iPad 'halo' effect pushes Mac sales, use, ChangeWave says

Other experts see different reasons for Apple's gains

Experts used different data today to conclude that strong iPad sales have created a "halo" effect for Apple, boosting the number of Mac computers the company has sold.

"The iPad is cannibalizing sales of other Apple hardware to some degree," acknowledged Paul Carton, research director at consumer spending research firm ChangeWave. According to a recent ChangeWave survey of more than 3,400 U.S. consumers, 17% who purchased an iPad said they bought the media tablet rather than an Apple laptop, while 6% said they picked the iPad over an iMac or other Apple desktop system.

"But there are very strong counterbalances to this cannibalization," Carton argued. "Our latest [computer buying plans] poll showed a four-point surge for the Mac, the biggest in the last three years. The iPad has a halo effect on the Mac because of all the surrounding publicity about the iPad and the additional floor traffic at Apple's stores."

Losses to the iPad are more than made up the halo-generated increase in Mac sales, Carton maintained. "I wouldn't be as concerned [about cannibalization] after seeing the other Apple numbers for the quarter," he said.

Chitika Research, an arm of Westborough, Mass.-based online advertising network Chitika, also painted a halo over the iPad.

In April, Macs accounted for 10.3% of all the machines that reached its ad network, a three-percentage point boost over March, representing a 41% month-to-month increase. Macs accounted for between 7.1% and 7.4% of the systems tracked by Chitika in the January-March period.

Daniel Ruby, the research director of online insights at Chitika, had only one explanation. "I'd say that 90% of that increase was due to the iPad halo effect," Ruby said.

The jump doesn't appear to be a one-time surge. "The real early numbers for May show that this is continuing. This doesn't seem to be a spike that is going to go away," said Ruby. "I think you can draw a direct correlation between the iPad and increased Mac usage."

Ruby credited the bulk of the sudden increase in the Mac's share on Chitika's network to climbing Mac sales, and like Carton, cited the iPad's ability to pull consumers into Apple's retail stores as the primary reason. "Apple is always in the news," he said, discounting the pre- and post-launch publicity around the iPad. "Steve Jobs sneezes and it makes the news. The additional foot traffic is a big part of it."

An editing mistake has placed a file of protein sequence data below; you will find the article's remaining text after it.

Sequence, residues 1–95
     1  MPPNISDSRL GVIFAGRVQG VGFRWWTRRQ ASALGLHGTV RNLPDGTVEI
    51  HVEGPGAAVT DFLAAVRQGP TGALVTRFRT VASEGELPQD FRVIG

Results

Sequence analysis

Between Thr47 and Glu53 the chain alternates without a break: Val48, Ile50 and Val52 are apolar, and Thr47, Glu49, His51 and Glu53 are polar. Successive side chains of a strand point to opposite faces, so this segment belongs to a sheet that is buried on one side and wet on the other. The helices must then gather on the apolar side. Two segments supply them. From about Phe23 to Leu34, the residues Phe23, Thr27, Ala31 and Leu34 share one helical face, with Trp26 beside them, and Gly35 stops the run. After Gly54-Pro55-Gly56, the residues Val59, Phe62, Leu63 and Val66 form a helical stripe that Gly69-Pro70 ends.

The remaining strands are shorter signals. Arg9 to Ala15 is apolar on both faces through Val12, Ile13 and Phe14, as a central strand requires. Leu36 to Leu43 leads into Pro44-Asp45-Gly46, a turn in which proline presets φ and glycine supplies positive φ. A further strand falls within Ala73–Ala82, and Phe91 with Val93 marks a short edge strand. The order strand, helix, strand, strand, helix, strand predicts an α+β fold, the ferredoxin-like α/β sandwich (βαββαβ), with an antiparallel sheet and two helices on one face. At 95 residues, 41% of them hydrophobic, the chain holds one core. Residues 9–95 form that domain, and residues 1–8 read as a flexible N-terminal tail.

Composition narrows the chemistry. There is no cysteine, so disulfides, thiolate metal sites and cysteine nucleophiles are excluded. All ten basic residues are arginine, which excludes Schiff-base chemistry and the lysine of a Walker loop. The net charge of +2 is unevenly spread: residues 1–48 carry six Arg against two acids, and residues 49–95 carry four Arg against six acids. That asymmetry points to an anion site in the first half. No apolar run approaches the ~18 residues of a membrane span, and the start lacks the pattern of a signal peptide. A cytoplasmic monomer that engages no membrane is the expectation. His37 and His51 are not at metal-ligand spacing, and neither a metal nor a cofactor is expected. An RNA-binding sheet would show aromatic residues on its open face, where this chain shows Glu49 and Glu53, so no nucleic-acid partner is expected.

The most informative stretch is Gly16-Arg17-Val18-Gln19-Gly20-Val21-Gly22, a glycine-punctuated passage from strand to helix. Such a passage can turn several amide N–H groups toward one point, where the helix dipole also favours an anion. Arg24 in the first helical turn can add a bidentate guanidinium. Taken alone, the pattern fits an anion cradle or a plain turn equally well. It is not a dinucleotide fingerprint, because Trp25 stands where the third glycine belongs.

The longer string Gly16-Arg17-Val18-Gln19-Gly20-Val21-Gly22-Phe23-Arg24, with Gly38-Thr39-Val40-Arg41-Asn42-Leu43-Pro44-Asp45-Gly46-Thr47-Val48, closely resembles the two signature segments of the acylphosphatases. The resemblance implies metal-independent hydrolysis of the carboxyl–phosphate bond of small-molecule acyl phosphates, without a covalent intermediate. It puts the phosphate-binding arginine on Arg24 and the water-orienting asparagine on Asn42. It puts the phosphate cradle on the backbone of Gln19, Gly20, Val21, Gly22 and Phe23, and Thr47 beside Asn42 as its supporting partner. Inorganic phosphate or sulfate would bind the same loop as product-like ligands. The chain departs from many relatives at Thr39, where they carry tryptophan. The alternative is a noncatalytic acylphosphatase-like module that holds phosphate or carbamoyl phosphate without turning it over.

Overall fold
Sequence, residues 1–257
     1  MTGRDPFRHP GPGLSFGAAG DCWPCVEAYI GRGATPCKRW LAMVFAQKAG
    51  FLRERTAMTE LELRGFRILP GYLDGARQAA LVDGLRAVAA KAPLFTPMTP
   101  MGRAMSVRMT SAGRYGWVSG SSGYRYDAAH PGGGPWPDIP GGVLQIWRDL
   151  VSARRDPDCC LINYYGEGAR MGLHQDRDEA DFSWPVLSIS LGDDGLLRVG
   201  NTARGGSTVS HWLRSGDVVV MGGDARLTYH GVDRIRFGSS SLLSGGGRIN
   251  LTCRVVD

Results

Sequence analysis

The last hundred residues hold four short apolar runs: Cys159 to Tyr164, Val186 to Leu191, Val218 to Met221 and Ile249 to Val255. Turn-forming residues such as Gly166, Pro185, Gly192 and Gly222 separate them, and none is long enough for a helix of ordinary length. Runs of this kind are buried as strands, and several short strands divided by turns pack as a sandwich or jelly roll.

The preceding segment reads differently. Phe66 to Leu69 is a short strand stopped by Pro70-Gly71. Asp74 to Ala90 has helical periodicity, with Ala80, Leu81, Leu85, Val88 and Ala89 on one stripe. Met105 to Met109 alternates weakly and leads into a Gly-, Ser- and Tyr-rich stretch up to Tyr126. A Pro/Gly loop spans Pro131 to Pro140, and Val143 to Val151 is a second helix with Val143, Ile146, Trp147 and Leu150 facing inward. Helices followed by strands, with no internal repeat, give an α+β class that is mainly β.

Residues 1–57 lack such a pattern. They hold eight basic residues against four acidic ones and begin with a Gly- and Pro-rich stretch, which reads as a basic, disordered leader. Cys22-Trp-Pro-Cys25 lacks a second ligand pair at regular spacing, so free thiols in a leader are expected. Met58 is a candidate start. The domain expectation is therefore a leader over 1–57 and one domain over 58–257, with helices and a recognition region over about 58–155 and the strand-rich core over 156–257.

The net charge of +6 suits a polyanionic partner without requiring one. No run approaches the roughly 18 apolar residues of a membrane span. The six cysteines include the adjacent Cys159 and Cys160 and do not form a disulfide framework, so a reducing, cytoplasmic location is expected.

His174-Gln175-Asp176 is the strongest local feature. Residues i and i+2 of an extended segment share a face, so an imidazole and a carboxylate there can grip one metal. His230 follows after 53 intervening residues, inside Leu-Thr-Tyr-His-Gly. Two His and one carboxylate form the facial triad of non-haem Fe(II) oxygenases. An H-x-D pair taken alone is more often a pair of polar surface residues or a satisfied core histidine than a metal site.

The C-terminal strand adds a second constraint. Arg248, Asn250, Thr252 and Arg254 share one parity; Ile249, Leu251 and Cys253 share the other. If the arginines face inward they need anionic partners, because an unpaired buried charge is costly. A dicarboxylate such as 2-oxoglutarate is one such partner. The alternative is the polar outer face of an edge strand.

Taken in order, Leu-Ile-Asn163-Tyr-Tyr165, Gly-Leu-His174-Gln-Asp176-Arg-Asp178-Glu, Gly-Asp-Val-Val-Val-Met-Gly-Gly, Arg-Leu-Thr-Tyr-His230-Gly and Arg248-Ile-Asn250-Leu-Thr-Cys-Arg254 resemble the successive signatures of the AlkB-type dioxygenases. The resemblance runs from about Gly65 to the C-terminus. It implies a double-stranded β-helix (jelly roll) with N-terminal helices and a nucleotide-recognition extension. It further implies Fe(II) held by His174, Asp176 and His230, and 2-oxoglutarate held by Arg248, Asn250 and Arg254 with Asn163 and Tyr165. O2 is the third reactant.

Apple's retail stores emphasize a hands-on experience with the company's hardware, which is on display for anyone to touch, type on and play with. "With the iPad, people want to see it for themselves and play around with it before buying it," Ruby said. "And Apple's stores are designed to get things in people's hands. Something like the iPad is perfect to get people in the door."

But not everyone sees an iPad halo. The uptick in Mac buying plans that ChangeWave's poll spotted, as well as the surge in Mac usage Chitika noticed, has a simpler explanation, said Stephen Baker, an analyst with the retail research firm NPD Group.

"[April] was the first month of the new MacBook Pro," Baker said in an interview earlier this week. "Apple traditionally sees a sales jump in volume after new models are released."

Baker was referring to Apple's April 13 refresh of the MacBook Pro laptop line that gave the laptops faster processors and longer-life batteries while lowering prices of two models and raising the price of another.

Still others believe an iPad halo exists, but argue that it's very tough to separate any iPad sway from the general increase in sales of all computers, not just Macs.

"Apple gets a halo effect with the every product, especially when it manages to get someone into an Apple store who hasn't been there before," said Ezra Gottheil, an analyst with Technology Business Research. "But the early data on the iPad indicated that most buyers were already in the Apple club. I'm sure there's been some incremental uptake, but Apple's year-over-year sales growth isn't really that much brisker than other PC vendors."

Gottheil has a point: Last month, both IDC and Gartner pegged the first quarter U.S. computer industry average year-over-year sales increase at 17% and 20%, respectively. According to Apple's first quarter earnings report, Mac sales climbed 33% from the same period the year before. Previously, the gap between Apple and the average numbers has been significantly larger.

"There is [an iPad halo effect], but really, it's not that large," said Gottheil.

Gregg Keizer covers Microsoft, security issues, Apple, Web browsers and general technology breaking news for Computerworld. Follow Gregg on Twitter at @gkeizer or subscribe to Gregg's RSS feed . His e-mail address is gkeizer@ix.netcom.com.

Copyright © 2010 IDG Communications, Inc.

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